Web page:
Happy New Year, Everyone…
Okay, I’m late to the party, but as you may have noticed I’ve been making the most of my time out to get ‘adult’ shit done since November. Officially, I’m a 34 year old Quality Assurance Manager for a media agency that has moved into a lovely flat in New Malden, and as many of you will know the act of packing, unpacking and living in a place filled with brown boxes is far from ideal. Dealing with house moving chores and all that set-up-your-direct-debit palaver is the stuff of real, sorted adults and I’m barely clinging onto the tip of the iceberg. Unofficially, I’m still getting a handle of what I’m planning to achieve with my opera/theatre blog in 2019. It’s had a major holiday. (Hey, she needed it.)
I need to be frank with you, though. Bloggers, far and wide, rarely admit this, but frickin’ hell it’s hard work maintaining the life of a so-called ‘influencer’. (I’m only citing what a few followers have said I was #justsaying.) Where do I begin? There’s the Twitter battles to monitor, the unwillingness to stand back and say something that will no doubt offend someone else, keeping tabs on the hottest shows in town, getting a ticket before they are sold out, arriving at the theatre on time, replying back to theatre companies and PRs, deciding how to review and report, etcetera, etcetera. In my particular case, it’s tough figuring out which questions to ask interviewees and, eventually, edit their material for my podcast series, let alone hold down a full-time job at the same time. Phew!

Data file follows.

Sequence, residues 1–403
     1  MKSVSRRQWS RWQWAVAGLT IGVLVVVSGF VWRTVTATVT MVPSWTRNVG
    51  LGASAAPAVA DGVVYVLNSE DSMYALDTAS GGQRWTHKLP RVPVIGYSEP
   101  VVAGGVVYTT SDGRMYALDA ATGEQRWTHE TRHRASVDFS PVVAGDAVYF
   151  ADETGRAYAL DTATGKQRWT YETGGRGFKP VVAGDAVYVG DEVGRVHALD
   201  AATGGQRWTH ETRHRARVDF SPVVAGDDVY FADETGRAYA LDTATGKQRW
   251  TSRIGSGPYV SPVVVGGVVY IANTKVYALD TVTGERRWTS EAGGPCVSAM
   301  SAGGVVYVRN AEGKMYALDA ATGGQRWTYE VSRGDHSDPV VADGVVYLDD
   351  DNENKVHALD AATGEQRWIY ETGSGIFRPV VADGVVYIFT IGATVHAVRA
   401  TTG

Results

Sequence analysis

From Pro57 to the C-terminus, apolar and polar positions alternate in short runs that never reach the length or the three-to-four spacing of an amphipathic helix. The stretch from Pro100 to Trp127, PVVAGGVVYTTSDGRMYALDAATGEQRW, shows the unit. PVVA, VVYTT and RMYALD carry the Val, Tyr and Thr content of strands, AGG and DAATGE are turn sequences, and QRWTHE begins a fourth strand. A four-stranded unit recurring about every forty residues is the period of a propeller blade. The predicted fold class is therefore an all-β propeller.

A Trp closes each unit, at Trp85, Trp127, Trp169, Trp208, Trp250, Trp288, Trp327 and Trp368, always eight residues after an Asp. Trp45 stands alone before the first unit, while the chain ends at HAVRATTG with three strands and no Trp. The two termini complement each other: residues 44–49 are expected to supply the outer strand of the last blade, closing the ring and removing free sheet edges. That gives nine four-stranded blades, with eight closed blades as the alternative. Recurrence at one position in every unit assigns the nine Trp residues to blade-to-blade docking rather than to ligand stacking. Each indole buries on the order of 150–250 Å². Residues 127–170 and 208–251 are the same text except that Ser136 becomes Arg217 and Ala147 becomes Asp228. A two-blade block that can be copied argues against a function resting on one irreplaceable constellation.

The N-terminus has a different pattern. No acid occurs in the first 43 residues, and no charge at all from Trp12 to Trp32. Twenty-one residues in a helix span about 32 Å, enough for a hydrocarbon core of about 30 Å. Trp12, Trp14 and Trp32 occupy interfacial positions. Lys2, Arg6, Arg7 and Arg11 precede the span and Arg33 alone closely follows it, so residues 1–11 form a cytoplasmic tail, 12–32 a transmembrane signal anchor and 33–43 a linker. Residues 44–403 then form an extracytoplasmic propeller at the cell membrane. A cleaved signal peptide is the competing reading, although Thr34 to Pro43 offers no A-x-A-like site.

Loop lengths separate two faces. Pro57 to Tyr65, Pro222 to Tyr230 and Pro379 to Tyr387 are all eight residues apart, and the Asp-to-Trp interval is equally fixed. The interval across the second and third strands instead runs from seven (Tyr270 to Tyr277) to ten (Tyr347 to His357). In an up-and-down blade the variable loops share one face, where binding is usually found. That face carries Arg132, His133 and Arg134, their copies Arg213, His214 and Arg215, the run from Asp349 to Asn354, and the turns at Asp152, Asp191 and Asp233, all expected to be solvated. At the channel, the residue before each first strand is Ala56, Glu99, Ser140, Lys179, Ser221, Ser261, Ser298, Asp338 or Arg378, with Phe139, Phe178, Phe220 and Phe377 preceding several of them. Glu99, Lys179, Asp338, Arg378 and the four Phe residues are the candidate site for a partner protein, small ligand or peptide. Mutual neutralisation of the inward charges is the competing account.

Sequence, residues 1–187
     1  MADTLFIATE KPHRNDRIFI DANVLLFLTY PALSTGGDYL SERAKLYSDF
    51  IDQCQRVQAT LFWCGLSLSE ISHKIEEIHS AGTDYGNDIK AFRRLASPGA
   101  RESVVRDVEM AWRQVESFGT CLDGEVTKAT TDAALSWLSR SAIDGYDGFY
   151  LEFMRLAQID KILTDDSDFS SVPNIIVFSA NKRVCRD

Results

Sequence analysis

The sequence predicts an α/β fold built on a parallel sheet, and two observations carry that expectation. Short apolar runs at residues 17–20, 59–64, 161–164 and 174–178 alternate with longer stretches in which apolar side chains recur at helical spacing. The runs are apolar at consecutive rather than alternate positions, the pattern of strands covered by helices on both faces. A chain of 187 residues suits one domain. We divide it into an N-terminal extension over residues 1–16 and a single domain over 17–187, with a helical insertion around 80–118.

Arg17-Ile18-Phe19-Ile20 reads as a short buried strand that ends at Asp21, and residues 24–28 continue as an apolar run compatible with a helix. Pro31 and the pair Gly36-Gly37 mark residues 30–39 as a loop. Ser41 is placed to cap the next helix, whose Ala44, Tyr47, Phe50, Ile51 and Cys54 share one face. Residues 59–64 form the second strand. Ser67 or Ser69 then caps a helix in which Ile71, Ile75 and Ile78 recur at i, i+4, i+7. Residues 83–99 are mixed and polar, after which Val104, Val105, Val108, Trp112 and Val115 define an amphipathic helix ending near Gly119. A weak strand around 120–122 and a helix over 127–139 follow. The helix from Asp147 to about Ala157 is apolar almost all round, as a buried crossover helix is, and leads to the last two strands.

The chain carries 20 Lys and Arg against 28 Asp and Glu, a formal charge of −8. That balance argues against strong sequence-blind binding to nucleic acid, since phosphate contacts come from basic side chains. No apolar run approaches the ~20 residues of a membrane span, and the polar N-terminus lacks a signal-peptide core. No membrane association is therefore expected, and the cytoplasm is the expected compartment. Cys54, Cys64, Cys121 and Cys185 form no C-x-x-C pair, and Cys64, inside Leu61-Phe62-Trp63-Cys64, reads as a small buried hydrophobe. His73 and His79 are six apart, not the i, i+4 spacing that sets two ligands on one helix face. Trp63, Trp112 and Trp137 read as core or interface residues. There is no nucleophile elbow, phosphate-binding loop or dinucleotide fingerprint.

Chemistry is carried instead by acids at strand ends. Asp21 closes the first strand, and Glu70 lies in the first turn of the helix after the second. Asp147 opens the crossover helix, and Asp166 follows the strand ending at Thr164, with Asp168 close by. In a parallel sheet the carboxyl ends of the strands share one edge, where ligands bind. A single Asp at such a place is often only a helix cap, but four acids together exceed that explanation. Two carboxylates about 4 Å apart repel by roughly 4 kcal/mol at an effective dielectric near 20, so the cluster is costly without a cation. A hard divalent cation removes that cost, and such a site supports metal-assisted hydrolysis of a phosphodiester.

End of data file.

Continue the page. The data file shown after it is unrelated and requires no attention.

My ‘Theatre’ favourites in 2018
So, let’s get to it, shall we? I can only speak on behalf of the theatre performances I saw in 2018. My final count came down to a measly 62 shows put together. They were a combination of shows I managed to see on an official press capacity while the majority of other shows I paid good money to see. A common theme that jumped out at me the most included how diverse and outspoken these pieces of work were. New formats of writing seemed critical, bolder and louder, and opinions which would otherwise have been shut out a few years ago were all up for discussion in a post-show Q & A.